Saturday, January 22

Sabah bosses want gradual minimum wages

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KOTA KINABALU: It is important to understand the constraints faced by employers in Sabah before the government decides to implement the minimal wages for employees nationwide.

“The situation in Sabah is not the same as those in Peninsular Malaysia. While most employers are sincere people, and are all willing to pay more, there are certain issues that need to be considered,” said Federation of Sabah Manufacturers president Datuk Seri Panglima Wong Khen Thau, yesterday.

Speaking on behalf of  employers in the state, Wong said they are proposing a quantum for minimum wage which is reasonable and affordable for employers, and at the same time able to satisfy the basic needs of new workers.

“The cost for doing business in Sabah is high. Even our living costs are high while our standard of living is still low. The proposed rate takes into account food, lodging and transportation needs commonly provided for the workers,” he said.

Wong said the effect of minimum wage on sectors and industries will likely drive prices up if immediate implementation is forced upon them, thus further burdening the workers and lower-income consumer groups.

“Unless the government puts in place a mechanism to achieve 1Country, 1Price, introducing minimum wage will not benefit workers much in raising their living standards.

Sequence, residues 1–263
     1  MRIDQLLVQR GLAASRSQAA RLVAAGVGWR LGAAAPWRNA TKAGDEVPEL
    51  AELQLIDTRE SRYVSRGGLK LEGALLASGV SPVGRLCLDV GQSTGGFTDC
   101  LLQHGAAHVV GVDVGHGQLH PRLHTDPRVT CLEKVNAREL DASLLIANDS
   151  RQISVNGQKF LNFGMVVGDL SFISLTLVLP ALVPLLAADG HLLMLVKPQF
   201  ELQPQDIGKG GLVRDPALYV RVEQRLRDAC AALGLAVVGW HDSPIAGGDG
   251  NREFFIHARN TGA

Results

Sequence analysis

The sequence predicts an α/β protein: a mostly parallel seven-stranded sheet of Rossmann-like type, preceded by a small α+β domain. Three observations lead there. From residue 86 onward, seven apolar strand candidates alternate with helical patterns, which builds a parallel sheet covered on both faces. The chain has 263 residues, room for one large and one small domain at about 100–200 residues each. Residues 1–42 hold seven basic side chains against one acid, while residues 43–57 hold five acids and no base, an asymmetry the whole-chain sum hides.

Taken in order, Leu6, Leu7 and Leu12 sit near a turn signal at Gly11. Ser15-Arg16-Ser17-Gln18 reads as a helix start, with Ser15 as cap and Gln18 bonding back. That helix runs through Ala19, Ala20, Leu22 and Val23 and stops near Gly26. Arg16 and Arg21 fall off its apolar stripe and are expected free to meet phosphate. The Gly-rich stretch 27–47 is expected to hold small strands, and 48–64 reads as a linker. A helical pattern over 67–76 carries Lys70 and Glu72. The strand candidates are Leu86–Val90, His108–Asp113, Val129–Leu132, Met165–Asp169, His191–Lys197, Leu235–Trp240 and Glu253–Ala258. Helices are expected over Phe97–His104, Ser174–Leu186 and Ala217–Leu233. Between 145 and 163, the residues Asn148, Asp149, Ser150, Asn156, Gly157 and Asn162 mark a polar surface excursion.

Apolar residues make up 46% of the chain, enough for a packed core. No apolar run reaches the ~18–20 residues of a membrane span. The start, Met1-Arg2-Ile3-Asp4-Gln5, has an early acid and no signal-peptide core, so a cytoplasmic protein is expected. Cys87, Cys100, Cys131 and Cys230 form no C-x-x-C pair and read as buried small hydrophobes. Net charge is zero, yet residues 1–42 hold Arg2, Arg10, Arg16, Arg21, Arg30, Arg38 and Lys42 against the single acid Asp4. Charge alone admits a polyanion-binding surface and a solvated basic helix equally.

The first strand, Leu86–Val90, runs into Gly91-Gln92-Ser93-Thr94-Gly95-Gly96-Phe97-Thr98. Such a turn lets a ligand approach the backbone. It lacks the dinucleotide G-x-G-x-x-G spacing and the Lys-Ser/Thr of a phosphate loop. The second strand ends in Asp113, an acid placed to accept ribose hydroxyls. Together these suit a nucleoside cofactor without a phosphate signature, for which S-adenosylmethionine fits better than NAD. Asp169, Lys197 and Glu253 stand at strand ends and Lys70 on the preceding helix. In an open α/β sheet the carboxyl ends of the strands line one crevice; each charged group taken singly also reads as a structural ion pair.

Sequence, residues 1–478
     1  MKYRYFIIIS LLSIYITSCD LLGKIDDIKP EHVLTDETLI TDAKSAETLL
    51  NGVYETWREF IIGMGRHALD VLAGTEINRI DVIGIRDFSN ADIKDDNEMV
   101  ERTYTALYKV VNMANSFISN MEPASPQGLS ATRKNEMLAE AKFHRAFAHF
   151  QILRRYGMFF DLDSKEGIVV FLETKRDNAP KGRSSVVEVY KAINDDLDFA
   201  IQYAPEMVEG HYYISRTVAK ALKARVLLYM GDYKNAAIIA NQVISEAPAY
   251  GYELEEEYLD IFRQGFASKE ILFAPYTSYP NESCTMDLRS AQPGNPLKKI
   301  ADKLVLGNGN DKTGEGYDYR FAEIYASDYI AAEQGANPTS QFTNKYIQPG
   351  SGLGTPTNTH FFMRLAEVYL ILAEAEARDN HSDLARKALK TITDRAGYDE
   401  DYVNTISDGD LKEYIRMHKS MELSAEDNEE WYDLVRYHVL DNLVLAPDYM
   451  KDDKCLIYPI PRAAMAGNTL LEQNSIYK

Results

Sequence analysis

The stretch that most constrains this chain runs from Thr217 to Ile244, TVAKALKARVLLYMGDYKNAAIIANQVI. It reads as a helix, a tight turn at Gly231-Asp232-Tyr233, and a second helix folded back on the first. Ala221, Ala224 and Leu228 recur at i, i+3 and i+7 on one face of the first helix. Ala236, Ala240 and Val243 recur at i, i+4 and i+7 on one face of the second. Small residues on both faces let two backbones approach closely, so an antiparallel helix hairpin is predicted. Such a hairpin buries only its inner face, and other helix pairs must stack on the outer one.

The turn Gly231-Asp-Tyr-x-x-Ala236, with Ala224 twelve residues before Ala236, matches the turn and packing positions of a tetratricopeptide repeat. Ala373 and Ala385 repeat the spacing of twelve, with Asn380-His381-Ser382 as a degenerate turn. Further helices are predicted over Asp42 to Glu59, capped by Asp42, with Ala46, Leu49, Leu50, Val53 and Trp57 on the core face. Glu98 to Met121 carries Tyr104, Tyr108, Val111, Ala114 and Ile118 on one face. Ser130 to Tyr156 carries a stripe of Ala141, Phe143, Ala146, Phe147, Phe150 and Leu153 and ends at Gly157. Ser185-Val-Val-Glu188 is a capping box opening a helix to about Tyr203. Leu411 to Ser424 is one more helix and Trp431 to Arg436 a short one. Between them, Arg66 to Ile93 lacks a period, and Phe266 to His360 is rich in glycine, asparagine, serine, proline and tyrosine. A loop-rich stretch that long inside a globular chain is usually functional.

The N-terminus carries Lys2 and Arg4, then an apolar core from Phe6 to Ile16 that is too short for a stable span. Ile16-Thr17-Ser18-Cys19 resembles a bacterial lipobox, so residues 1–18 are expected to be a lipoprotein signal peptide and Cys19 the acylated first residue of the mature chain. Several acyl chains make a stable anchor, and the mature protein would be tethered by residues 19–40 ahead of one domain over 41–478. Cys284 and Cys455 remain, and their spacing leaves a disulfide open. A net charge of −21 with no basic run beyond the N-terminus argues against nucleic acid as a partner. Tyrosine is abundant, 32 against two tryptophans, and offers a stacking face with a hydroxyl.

“Our priority should be to address the high cost of doing business in Sabah which will translate to lower and more affordable prices of goods, to ease the burden of high prices on the workers and lower-income group,” he said during the Luncheon Dialogue on the Minimum Wage – Perspective from Sabah’s Employers and the signing of Memorandum of Understanding between FSM Institute of Training and Job Hunt Sdn Bhd.

Deputy Human Resources Minister Datuk Maznah Mazlan launched the event and later sat through during the dialogue.

Wong said that in view of the state’s challenging economic environment, Sabah employers want gradual, rather than immediate implementation of the minimal wages.

“A grace period of three years should be extended, particularly to certain sectors and industries that will face huge increase in wage costs, to initiate structural measures to adapt to the new environment that ensues. A blanket minimum wage affects these sectors and industries the most.

“However, some measure of flexibility in terms of staggered implementation will help maintain their competitiveness and survivability, which otherwise could potentially be threatened should immediate implementation be introduced,” he said.

Wong stressed that the minimum wage should neither be used as an effective tool for preventing poverty, nor reducing income inequality. Rather it should function solely to ensure that workers have a decent living standard, meeting the basic needs of food, lodging and transportation.

“Negotiation and decision process on minimum wage should involve both employers and employees in a transparent manner throughout.

“This is to enable an active, robust exchange with outcomes more reflective of actual industry and sector situations,” he said.